The Role of Resilience in the Treatment of OCD, Anxiety, and Depression: A Client Example

Elizabeth Spencer

When my client Mary first came to see me, her resilience and stress tolerance were low. She sought treatment for OCD, perfectionism, and the resulting procrastination. As an adult, these conditions threatened her autonomy and independence. Like many of my clients, the role of resilience in treating her OCD, anxiety, and depression was profound.

Life was not easy for Mary.

For several years, I worked with her. This included a period when she was so disabled by OCD and depression that she was admitted to a day treatment program. She remained in that program for a month before she was stable enough to begin weekly work with me.

She was determined to live independently from her parents and made the jump when she was 29. Even though she had been in the same job for a year before moving into her own apartment, she found that getting herself up and out in the morning was a tougher challenge than expected.

When she missed one day of work, she couldn’t think of what to say to her boss. That one day turned into an entire week of work missed because of anxiety.

Mary overcame that obstacle like she had all the barriers before that – by recognizing how anxiety bossed her around.

Anxiety set the topic. Anxiety is mean and picked every topic Mary cared about most. Mary learned that is just the way anxiety works.

Eventually, she learned to talk back to her anxiety and graduated to monthly booster sessions. Living well with anxiety is a lifelong struggle for her and many of my clients. They need support for much longer periods while they continue to build the resilience necessary to overcome the daily challenges of OCD and anxiety.

In 2016, we unwittingly scheduled our monthly booster session the week after the Clinton-Trump election. And Mary had been a longtime Clinton supporter.

Going into the session, I was a bit nervous to see how she was doing. Smaller things than this had overwhelmed her. In my practice in the Washington, DC area, people with less severe anxiety had been struggling that week.

Mary arrived on time, was neatly dressed, and began our session as usual by setting up an agenda.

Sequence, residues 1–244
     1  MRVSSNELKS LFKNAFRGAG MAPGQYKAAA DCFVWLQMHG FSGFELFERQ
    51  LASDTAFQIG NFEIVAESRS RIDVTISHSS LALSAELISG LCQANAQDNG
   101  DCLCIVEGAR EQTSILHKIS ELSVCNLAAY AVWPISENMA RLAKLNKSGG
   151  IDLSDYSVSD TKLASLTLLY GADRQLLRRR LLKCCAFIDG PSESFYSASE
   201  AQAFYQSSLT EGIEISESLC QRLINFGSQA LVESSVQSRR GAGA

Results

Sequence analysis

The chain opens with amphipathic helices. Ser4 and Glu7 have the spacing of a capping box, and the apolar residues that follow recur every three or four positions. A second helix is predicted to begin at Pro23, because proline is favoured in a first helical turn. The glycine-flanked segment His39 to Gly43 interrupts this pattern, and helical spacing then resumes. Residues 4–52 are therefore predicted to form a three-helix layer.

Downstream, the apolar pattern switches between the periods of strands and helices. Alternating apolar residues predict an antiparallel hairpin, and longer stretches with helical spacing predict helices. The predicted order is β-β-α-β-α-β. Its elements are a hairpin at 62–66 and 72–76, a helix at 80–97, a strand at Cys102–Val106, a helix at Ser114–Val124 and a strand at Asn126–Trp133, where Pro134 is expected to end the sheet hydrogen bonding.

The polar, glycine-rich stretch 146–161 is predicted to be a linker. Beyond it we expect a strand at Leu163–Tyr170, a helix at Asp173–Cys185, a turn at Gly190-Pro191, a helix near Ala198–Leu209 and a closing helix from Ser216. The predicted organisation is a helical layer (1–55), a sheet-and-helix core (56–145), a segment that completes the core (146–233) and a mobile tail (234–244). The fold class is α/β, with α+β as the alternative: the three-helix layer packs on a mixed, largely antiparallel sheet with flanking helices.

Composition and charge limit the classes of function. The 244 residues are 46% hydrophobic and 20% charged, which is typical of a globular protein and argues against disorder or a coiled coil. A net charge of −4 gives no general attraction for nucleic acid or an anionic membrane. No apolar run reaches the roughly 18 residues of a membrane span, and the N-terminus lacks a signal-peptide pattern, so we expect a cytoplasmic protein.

She said she wanted to talk about three topics: the election results, a new obsessive thought about her parents that was bothering her, and an upcoming interview for a promotion at work.

Even now, I feel the emotion of that moment sweep me again.

This brave, resilient woman had been saddened and shaken by the loss of her political candidate. Still, she was moving on in her life. I am so enormously proud of her.

She said, “I have been through hard things in my life. I have learned to say to myself, ‘I don’t like how that worked out, but I am interested to see what happens next.'”


We spent a brief 10 minutes reflecting on her sadness about the election. She gave herself credit for successfully managing that sadness without descending into anxiety.

Then, we moved to the other important topics on her agenda.

I have seen this many times in my practice.

People who do the work of CBT as they struggle with OCD, anxiety, or depression reap the reward when more challenging times arrive.

CBT helps them build the resilience needed to weather what’s ahead—no matter how uncertain it is.

When I talk with my colleagues and the providers in our Anxiety Training Community, I hear much of the same. The role of resilience in the treatment of OCD and anxiety is an important part of the work.

CBT works. The results are long-lasting. It can help our clients face situations very different from the ones they had practiced in our offices.

Life is uncertain.

It’s wonderful to know that with CBT we can give our clients a strategy (and resilience) that can help them cope and even thrive in our ever-changing world.

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